The project ‘Romans, Christians, and their Books, 300-486 CE’, explores how readers and writers in the late Latin west were affected by the change in book format from scroll to codex. Literary scrolls were the norm until the third or fourth century CE, but by the fifth century the codex had become the default format for books. This project explores the extent to which this change in format affected how people in late antiquity thought about literature. It addresses three interrelated questions:
- What impact does the codex form have on how people consume and think about literature?
- Is there a demonstrable difference in the ways in which Christian and non-Christian texts are recorded and read in codices?
- What is the relationship between the codex and the formation of a (religious or literary) canon?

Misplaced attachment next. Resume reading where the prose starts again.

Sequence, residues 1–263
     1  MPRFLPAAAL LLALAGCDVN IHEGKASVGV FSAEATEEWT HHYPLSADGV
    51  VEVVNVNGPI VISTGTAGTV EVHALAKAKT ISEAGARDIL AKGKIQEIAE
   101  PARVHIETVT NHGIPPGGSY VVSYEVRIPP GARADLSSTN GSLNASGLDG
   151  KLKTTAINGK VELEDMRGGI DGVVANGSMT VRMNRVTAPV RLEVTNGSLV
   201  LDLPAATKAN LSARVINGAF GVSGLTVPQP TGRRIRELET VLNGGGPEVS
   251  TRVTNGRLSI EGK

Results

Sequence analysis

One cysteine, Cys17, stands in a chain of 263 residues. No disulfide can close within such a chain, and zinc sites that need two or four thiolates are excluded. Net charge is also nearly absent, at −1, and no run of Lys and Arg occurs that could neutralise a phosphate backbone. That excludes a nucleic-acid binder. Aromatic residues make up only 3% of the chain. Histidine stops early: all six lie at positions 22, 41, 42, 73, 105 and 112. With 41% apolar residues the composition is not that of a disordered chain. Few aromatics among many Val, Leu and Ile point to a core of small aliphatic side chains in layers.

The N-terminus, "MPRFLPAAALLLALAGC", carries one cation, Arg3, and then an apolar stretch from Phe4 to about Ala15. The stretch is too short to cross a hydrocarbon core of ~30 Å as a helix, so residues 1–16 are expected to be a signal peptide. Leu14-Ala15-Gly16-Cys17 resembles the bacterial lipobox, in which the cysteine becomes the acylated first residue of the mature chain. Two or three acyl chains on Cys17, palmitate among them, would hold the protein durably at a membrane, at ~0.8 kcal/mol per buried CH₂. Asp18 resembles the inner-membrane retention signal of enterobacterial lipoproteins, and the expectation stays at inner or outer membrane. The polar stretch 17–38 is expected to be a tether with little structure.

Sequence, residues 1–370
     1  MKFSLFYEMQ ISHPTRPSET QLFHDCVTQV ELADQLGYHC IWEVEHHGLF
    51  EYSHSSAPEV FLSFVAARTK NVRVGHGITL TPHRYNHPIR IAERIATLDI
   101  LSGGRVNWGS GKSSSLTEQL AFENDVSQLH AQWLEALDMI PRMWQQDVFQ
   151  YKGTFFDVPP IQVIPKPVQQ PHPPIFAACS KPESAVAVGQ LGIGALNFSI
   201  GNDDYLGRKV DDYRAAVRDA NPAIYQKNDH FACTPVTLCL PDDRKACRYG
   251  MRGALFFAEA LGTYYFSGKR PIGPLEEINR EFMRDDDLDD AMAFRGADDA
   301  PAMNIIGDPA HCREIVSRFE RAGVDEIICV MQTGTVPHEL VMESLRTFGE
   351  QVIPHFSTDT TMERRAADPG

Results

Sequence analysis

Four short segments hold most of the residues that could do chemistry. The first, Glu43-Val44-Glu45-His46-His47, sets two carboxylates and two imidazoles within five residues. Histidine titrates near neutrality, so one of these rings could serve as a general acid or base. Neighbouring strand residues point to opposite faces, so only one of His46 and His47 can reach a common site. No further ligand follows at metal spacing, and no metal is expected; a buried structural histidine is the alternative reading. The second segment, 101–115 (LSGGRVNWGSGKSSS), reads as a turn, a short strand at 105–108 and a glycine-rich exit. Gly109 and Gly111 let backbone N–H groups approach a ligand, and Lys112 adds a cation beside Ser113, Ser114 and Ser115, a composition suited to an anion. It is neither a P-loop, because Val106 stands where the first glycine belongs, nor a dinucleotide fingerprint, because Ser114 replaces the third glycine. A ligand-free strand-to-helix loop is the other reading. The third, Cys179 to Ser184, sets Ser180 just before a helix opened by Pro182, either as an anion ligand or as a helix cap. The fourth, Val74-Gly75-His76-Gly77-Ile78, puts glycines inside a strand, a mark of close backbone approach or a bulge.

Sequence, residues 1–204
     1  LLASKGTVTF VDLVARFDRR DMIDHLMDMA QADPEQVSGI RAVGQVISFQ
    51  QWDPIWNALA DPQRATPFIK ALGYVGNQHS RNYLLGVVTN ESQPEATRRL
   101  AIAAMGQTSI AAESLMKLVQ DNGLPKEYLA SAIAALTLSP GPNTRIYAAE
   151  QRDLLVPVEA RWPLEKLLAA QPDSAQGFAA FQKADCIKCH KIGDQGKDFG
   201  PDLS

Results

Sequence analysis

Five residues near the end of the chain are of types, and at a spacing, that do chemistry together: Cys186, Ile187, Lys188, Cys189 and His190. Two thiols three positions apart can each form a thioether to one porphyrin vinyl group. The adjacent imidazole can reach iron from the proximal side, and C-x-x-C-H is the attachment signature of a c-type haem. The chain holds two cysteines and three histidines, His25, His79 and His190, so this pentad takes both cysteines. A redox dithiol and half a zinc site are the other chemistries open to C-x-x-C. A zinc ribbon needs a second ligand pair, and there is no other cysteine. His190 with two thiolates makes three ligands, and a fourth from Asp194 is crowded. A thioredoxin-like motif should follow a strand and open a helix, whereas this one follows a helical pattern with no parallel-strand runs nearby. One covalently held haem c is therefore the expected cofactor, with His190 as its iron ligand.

Findings from the project will be presented at academic conferences, published as journal articles, and disseminated to the public here on our project blog. A great deal of the preliminary work to be done over the first two years of the project is the development of two databases:
- A codicological database of all pre-600 Latin codices, providing details of specific features such as column width & length; margin sizes; collation; surviving evidence for binding; etc.
- A database of all extant references to book format in pre-600 Latin and Greek literature.
Cillian O’Hogan, Principal Investigator
Alexandra Ore, Undergraduate Research Assistant, Summer 2017. Funded by a UBC Faculty of Arts International Work Learn Award.
Ches Walton, Undergraduate Research Assistant, Summer 2017. Funded by a UBC Faculty of Arts International Work Learn Award.
Justin Dwyer, Graduate Research Assistant. Funded by a SSHRC Insight Development Grant.
Amber Leenders, Graduate Research Assistant. Funded by a SSHRC Insight Development Grant.
The project has been supported by a UBC Faculty of Arts International Work Learn Award and a SSHRC Insight Development Grant.